Doug and Sandra Cramen understand the importance of financial security and the foundation it can provide for a happy, purposeful life.
Both proud SFU alumni who pursued careers in banking and then financial planning, they also share a passion for learning and a strong belief in the transformative power of education.
These combined values led the pair to establish an endowment supporting the Doug and Sandra Cramen Bursary through a bequest in their wills. The bursary will be given annually to a full-time undergraduate economics major who has demonstrated financial need.
“We want to give people a stepping stone. If you are lifting yourself up, we want to help you,” Doug explains.
“Our families were not in a position to help us when we went to university. We had to pay our own way and came out with student debt. We would like others to be able to start their careers without that burden, which is our intention for creating this bursary.”
The Cramens met and fell in love at SFU while studying economics, and chose to support students pursuing the same specialty.
“Economics is really a life skill,” Doug says. “To learn about the economy, markets, how society uses its resources gives people a strong foundation for work and for life.”
Sandra, who often refers to herself as a “nerdy” numbers girls, adds that understanding the underlying themes of how and why money “moves” can help people set goals and make good financial decisions through life’s varying stages.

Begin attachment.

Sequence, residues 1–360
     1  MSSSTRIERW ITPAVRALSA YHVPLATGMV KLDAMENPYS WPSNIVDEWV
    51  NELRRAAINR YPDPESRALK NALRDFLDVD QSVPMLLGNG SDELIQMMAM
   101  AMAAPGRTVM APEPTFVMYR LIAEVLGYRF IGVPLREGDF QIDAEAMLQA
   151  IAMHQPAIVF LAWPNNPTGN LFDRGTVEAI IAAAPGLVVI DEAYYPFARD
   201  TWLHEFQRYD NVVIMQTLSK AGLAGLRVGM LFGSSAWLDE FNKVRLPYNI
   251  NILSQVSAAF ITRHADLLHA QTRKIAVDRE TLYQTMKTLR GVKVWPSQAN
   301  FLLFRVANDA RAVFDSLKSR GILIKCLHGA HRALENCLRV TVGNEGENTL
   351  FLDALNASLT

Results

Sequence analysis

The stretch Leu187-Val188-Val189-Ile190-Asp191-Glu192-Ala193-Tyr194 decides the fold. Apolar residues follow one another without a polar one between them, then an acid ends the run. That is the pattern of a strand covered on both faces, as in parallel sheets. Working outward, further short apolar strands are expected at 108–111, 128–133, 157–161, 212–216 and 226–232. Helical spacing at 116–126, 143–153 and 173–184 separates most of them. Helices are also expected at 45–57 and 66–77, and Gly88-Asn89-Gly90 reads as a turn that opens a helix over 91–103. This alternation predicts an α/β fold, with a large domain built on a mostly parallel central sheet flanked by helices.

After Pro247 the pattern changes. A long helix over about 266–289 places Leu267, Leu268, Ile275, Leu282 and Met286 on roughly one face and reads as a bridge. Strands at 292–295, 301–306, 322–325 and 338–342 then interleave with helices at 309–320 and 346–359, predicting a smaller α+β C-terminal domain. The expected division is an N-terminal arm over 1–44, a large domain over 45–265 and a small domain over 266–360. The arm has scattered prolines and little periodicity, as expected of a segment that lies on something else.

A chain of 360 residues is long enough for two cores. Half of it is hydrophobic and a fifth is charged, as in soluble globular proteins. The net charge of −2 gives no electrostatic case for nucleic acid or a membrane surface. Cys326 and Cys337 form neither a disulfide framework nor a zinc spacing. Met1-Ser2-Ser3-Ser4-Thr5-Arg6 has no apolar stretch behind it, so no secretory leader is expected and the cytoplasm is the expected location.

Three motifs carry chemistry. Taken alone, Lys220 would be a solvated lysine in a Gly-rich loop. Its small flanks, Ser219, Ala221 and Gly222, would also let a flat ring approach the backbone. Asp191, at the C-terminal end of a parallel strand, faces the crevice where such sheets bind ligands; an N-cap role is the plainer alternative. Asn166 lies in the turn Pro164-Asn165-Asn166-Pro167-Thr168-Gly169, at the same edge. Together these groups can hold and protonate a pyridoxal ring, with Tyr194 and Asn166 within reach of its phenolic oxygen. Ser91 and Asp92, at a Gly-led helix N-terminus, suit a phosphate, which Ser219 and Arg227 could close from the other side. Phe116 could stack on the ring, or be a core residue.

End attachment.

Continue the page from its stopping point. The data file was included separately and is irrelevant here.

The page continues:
She speaks enthusiastically about the fulfillment she and Doug have each found by advising others and ensuring clients have the tools and knowledge to achieve their goals.
“So many people wait until they near retirement to educate themselves about tax, cash flow, debt management and the like,” Sandra says. “The earlier we educate ourselves, the less financial stress we will have in our lives.”
Doug explains that financial needs and goals will change over time and depend on each individual’s situation, particularly when it comes to estate planning.
“You have to be able to deal with your own needs, and those of your family,” he says “After that you have to ask yourself, “What do you want to do for society? What impact do you want to have on other people in the world?”
For the Cramens—who reside in Kelowna and are parents to one daughter in college—that means creating a world where everyone can access education.